On March 1, 2016, the National Highway Traffic Safety Administration (“NHTSA”) published in the Federal Register, a final rule relating to its interpretation of factors to be considered in determining amounts of civil penalties for violations of the National Traffic and Motor Vehicle Safety Act. The final rule becomes effective after 60 days and with it, maximum penalty amounts also take effect. The Fixing America’s Surface Transportation Act (“FAST Act”) which became law in Dec. 2015, required finalization of this guidance prior to the higher penalties under the previous highway program extension law taking effect. Having satisfied this requirement, the penalty caps increase officially from $7,000 per violation to $21,000 per violation and overall maximum rises from $35 million to $105 million.
The final rule notes that NHTSA has historically considered the gravity of the violation, safety risk, cooperation with investigators and size of the violator when considering penalties. This is particularly the case with small businesses in assessing their ability to pay penalties. The rulemaking goes on to detail the nine discretionary factors NHTSA will utilize moving forward in such cases:
Nature of the defect or noncompliance.
Knowledge by the respondent of its obligations (if respondent is a corporation/partnership this extends to employees and employee training and corporate processes are a factor).
Severity of the risk of injury as a result of the violation.
The occurrence or absence of injury. NHTSA interprets this to extend to “alleged” death/injuries “regardless of whether NHTSA has been able to establish that the defect, non-compliance or violation was the definitive cause of the death or injury.”
Number of motor vehicles or items of motor vehicle equipment distributed with the defect or non- compliance. This can be applied as total number or percentage of manufacturer’s annual production.
Actions taken by the respondent to identify, investigate, or mitigate the condition, including timeliness and adequacy of communications to owners and dealers, or lack thereof. Failure to act or respond fully to NHTSA investigators is also considered.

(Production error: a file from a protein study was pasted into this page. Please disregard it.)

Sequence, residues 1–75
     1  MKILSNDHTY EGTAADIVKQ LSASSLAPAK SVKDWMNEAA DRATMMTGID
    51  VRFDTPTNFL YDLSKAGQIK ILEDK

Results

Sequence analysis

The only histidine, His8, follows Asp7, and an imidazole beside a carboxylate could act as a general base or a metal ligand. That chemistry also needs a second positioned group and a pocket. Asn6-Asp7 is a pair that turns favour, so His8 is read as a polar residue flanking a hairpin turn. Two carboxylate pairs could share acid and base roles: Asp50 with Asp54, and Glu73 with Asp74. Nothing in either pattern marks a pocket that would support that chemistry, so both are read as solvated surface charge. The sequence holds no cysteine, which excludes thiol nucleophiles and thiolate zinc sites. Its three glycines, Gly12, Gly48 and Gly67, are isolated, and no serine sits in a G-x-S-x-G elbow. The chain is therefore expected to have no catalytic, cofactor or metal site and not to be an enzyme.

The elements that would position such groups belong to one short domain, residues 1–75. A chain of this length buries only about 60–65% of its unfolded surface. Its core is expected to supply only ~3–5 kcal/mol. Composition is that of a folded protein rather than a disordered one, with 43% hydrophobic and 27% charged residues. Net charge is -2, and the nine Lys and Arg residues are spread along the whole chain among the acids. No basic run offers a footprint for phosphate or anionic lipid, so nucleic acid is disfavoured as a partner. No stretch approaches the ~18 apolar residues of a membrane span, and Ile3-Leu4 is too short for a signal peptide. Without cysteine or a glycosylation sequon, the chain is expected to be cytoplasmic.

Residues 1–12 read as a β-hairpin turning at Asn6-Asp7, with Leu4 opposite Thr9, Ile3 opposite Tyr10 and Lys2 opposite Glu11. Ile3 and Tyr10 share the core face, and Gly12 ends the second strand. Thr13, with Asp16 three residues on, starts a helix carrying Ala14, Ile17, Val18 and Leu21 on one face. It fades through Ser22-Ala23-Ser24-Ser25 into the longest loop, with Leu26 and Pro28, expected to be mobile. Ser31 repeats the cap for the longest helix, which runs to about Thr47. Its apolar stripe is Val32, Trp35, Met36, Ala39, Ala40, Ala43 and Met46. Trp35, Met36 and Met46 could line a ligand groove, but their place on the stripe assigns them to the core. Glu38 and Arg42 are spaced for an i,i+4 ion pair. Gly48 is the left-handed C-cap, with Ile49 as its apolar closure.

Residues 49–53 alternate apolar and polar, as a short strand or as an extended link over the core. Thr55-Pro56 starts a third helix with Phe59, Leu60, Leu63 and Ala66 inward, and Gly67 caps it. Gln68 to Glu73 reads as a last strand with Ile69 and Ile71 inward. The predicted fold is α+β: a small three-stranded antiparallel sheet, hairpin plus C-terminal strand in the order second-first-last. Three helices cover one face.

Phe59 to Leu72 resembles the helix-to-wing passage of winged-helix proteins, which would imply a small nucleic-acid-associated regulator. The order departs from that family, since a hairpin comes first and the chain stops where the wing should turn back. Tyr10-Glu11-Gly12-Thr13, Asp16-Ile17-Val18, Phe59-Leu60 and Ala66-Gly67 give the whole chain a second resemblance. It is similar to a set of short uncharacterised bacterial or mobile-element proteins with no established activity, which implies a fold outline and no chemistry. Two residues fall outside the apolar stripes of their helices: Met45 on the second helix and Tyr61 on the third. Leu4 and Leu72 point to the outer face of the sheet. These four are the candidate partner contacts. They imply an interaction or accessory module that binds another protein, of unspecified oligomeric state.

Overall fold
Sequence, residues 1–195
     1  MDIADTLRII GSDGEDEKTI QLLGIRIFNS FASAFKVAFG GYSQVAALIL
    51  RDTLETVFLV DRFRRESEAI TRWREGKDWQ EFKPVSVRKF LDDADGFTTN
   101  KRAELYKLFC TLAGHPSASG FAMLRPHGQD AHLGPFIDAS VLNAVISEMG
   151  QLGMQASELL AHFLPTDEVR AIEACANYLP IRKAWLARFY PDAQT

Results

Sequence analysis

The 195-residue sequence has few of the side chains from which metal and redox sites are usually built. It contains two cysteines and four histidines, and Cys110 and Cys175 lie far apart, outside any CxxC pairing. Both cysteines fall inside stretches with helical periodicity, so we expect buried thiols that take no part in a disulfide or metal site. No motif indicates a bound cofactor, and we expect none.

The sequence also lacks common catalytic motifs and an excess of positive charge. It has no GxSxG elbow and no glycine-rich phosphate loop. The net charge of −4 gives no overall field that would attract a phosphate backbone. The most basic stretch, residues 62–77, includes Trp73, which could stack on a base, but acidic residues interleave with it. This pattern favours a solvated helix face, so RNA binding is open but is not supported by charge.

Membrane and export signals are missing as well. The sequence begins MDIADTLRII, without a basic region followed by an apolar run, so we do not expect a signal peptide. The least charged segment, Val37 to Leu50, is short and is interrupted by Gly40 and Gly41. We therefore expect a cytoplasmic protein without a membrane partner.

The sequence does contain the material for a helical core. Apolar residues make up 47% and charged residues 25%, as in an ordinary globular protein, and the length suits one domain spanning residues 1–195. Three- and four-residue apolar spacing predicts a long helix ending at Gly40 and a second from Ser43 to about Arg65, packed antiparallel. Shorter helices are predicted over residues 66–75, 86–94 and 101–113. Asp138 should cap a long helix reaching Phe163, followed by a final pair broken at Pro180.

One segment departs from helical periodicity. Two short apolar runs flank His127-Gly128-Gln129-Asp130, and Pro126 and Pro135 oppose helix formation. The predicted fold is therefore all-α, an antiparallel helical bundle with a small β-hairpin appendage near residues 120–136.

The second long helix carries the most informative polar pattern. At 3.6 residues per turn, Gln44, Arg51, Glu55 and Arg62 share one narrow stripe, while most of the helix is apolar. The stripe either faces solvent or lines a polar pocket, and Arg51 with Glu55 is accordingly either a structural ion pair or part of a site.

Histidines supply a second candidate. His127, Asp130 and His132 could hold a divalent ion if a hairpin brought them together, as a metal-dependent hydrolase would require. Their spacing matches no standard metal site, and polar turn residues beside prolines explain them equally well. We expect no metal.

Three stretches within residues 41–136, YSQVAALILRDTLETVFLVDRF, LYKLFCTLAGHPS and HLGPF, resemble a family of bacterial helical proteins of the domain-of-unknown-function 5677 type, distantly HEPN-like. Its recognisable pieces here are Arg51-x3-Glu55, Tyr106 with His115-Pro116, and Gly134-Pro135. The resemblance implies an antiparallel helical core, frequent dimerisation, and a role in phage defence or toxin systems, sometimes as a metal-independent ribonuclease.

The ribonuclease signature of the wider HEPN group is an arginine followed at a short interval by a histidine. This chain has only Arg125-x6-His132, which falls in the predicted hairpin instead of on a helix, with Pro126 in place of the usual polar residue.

Appropriateness of penalty in relation to the size of the business of the respondent. Small business threshold is employing 1,000 people or less with annual receipts less than $15 million.
Whether respondent has been assessed civil penalties in the most recent five year period. This is interpreted by NHTSA looking back from the date of the violation, not the date of resolution.
Other factors: history of violations, economic gain from the violation, effect of conduct on integrity of NHTSA’s programs, and whether respondent responded to NHTSA in a timely fashion.
The final rule also notes that NHTSA considers these nine criteria to be discretionary. They may consider some, all, or none of them in a particular case. But in rejecting several comments on the proposed rule, NHTSA signaled that they intend to be fairly strict in their enforcement efforts. Since all cases are unique, NATM members are encouraged to seek their own counsel to address any situations they may face in this regard.
After consecutive years of collecting record amounts of civil penalties from motor vehicle manufacturers, it remains clear that NHTSA intends to continue its strong focus on enforcement and ensuring compliance with manufacturer obligations. To assist its members, NATM recently commissioned and has made available on its website a compendium outlining manufacturer obligations under NHTSA’s early warning reporting (“EWR”) regulations. To view that document, visit the members’ only section of www.natm.com.
About the Authors
Darrell Conner is a Government Affairs Counselor and Dennis Potter is a Government Affairs Advisor at the law and lobbying firmof K&L Gates,where they represent NATM and other clients on legislative, regulatory, policy and political matters. Conner can be reached at Darrell.Conner@klgates.com and Potter can
be reached at Dennis.Potter@klgates.com.